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By Miriam Raftery

October 31, 2017 (Sacramento) – California Attorney General Xavier Becerra has filed opposition to the Trump Administration’s attempt to repeal the 2015 Clean Water Rule, which protect California’s lakes, rivers, and streams from pollution discharges.

Trump signed executive orders requiring the U.S. Environmental Protection Agency (EPA) and Corps of Engineers to review the Obama-era Clean Water Rule, which Trump calls a “massive power grab.” The president claims that regulations and permits “started treating our wonderful small farmers and small businesses as if they were major industrial polluter.”

But as NPR's Greg Allen has reported, "overturning the rule isn't something that can be done through executive order. The EPA would have to restart the lengthy rule-making process, according to Jon Devine, an attorney with the Natural Resources Defense Council."

Trump's executive order has also drawn harsh criticism from environmental groups. Earthjustice accused the president of "demonstrating that he puts the interests of corporate polluters above the public's health."

Attorney General Becerra and eight attorneys general filed their official comments to the U.S. Environmental Protection Agency and Army Corps of Engineers. Their comments contend that the Trump Administration is violating the Administrative Procedure Act by ignoring factual findings supporting the Clean Water Rule and failing to articulate a satisfactory reason for reinstating the pre-2015 definition of “waters of the United States.”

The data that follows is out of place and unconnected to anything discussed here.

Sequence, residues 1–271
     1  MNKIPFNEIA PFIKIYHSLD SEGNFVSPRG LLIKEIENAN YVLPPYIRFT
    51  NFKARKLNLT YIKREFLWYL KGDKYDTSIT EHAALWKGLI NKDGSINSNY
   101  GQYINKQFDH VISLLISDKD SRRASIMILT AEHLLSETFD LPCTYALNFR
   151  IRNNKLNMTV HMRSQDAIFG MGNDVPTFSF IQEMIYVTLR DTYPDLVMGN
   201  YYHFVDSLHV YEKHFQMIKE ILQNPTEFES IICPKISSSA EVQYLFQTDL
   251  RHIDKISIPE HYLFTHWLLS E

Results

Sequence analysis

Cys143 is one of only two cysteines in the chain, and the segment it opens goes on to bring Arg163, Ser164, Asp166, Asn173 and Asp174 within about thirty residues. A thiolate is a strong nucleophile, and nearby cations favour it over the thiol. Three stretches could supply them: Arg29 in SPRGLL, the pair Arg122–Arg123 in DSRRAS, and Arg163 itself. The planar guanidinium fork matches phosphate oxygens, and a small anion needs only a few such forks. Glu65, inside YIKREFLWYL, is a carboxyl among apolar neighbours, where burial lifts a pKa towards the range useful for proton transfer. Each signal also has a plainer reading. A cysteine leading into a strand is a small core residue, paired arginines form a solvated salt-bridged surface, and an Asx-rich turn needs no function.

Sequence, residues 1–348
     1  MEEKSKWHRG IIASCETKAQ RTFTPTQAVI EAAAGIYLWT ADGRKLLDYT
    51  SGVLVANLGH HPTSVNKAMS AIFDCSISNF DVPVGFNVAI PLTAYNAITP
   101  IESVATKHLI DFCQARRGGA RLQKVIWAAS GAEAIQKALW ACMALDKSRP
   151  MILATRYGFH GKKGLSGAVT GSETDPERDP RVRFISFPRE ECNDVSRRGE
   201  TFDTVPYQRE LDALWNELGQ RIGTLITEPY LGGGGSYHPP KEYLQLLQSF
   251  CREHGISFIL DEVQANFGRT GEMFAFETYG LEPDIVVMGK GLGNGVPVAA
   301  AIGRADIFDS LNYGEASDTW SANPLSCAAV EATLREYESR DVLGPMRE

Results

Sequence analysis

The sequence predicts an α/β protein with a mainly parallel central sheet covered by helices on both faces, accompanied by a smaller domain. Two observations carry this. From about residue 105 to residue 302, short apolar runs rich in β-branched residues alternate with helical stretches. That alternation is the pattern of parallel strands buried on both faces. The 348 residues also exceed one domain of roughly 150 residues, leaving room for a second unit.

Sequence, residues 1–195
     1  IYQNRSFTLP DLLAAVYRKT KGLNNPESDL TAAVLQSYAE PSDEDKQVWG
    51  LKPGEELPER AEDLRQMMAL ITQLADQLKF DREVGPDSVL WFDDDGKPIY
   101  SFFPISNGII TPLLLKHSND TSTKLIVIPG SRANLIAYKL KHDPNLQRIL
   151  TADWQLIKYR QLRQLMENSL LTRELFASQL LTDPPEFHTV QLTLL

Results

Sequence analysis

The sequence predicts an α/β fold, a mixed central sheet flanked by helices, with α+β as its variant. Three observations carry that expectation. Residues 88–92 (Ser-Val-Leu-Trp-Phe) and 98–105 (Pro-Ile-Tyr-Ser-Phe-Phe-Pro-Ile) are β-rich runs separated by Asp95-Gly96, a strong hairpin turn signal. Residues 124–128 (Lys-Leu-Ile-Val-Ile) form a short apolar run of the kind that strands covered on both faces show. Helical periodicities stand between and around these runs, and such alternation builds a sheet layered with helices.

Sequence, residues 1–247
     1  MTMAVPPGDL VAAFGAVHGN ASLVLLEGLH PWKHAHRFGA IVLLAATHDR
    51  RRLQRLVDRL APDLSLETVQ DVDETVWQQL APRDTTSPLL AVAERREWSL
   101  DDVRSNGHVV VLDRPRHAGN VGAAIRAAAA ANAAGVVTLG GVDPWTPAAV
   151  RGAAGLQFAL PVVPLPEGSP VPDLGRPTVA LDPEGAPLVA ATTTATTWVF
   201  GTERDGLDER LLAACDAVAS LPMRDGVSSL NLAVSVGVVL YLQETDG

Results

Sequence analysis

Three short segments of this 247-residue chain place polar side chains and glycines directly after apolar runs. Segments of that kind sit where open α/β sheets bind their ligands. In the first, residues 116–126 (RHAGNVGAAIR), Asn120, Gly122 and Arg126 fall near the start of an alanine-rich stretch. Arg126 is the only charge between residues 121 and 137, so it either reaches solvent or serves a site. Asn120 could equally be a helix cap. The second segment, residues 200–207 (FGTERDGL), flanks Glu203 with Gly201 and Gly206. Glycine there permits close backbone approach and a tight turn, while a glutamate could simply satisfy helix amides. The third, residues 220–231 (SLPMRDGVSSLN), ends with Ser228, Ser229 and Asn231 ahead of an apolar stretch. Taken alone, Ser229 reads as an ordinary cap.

"The Trump Administration is attempting to weaken protections for California’s waters,” said Attorney General Becerra. “Whose interests are they watching out for? I fully support the Clean Water Rule because it was legally promulgated, based on science, and will help protect our water resources. The stakes are high for California – if the Clean Water Rule is rolled back, many of our waterways may lose critical protections. The California Department of Justice refuses to stand idly by and let that happen.”

The 2015 Clean Water Rule sought to address significant issues with the prior definition of “waters of the United States.” For decades, the pre-2015 definition had been interpreted differently among the courts, leading to confusion, unpredictability, and inconsistent application of the Clean Water Act.

The Clean Water Rule clarified the definition of “waters of the United States” to explicitly include waters in floodplains, riparian areas, and intermittent and ephemeral streams. This was an especially important development for the State of California, as the majority of California’s streams and rivers are intermittent or ephemeral.

Joining Attorney General Becerra in submitting comments were the attorneys general of Maine, Maryland, Massachusetts, New York, Oregon, Vermont, Washington, and the District of Columbia.

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